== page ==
Fr. Ed Tomlinson, an Ordinariate priest in England, has an article in The Catholic Herald entitled The lesson of Anglicanism: liberalism will tear you apart.
In it he captures some of the reasons why those of us who come from the Anglican world have been so uneasy during the recent synods on the family, and dismayed by the rising factionalism in the Catholic Church where one bishops’ conference or diocese interprets Amoris Laetitia in light of what the Church has always taught regarding Communion for the divorced and civilly remarried without an annulment, but others say the document opens the way for not only the divorced and ‘remarried’ but also those in other “irregular” relationships to receive. We know too well how this movie ends. Anyway, back to Fr. Tomlinson.
Two major developments in the 20th Century brought this uneasy truce into question. The first was the adoption of synodical governance which led to a radical politicisation of the Church of England. With everything suddenly up for grabs, by virtue of majority vote, the factions no longer pulled together in unity but began to plot and lobby against each other. General Synod became a battleground on which theological opponents could be put to the sword. And it didn’t take long for the liberal lobby, strengthened by trends in society and over-represented on the bench of bishops, to realise synod worked in their favour. Did the Holy Spirit said no to women priests in July’s Synod? Fret not: table the motion again in February, then repeat ad nauseum, until the Holy Spirit finally gets the message! That is how democratising the deposit of faith tends to work, though the system admittedly tends to favour Barabbas over Jesus.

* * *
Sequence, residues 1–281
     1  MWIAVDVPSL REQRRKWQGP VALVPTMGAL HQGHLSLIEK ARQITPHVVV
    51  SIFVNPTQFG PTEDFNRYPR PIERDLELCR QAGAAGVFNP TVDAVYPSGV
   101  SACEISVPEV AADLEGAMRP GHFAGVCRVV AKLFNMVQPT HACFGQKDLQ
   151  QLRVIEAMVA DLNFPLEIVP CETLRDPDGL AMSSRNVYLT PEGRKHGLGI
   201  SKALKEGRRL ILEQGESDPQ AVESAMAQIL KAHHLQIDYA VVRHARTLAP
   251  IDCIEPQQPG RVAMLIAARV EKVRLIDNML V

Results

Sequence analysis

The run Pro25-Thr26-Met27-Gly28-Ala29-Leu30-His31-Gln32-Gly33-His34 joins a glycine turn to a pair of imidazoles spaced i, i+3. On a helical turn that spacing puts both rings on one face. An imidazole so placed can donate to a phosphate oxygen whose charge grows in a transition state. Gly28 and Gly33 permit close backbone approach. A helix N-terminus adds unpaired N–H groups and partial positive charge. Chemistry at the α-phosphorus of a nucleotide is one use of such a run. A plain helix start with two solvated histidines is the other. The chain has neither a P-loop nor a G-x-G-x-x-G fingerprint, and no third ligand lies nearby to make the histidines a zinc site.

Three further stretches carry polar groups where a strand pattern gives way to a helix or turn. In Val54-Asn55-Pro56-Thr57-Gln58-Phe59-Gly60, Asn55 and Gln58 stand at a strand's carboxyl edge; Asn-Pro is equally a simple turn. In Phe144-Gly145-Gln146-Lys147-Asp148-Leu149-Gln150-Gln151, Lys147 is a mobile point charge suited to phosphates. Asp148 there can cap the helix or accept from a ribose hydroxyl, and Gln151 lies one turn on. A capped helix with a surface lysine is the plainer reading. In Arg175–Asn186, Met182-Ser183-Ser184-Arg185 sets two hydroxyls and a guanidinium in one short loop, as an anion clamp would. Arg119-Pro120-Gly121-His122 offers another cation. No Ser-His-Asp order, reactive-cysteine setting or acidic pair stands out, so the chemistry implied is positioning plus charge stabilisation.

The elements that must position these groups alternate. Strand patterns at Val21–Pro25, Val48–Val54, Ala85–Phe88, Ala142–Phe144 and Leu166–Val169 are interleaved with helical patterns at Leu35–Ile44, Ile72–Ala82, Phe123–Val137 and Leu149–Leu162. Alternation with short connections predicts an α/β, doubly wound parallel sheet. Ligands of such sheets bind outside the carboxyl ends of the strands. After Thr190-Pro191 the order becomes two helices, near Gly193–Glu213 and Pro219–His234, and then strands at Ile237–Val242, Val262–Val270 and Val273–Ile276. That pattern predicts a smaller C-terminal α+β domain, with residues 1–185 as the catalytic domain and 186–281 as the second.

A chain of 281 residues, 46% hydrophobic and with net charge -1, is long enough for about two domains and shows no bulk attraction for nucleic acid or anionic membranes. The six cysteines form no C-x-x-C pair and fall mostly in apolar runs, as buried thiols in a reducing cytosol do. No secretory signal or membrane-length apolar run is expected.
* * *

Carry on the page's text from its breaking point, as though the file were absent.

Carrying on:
The second development which disrupted Anglican unity occurred when the Book of Common Prayer became optional not mandatory. You are what you pray: lex orandi, lex credendi. With the shackles removed, parishes started to go their own way. Today, there is almost no common ground between an evangelical parish on one side of town and its liberal counterpart on the other. This represents a massive problem for the Church of England: how can you bring people together in love when there is zero shared praxis between them? The situation has become so grave that the Lambeth Conference can no longer be held, due to deep divisions even at the level of the episcopacy.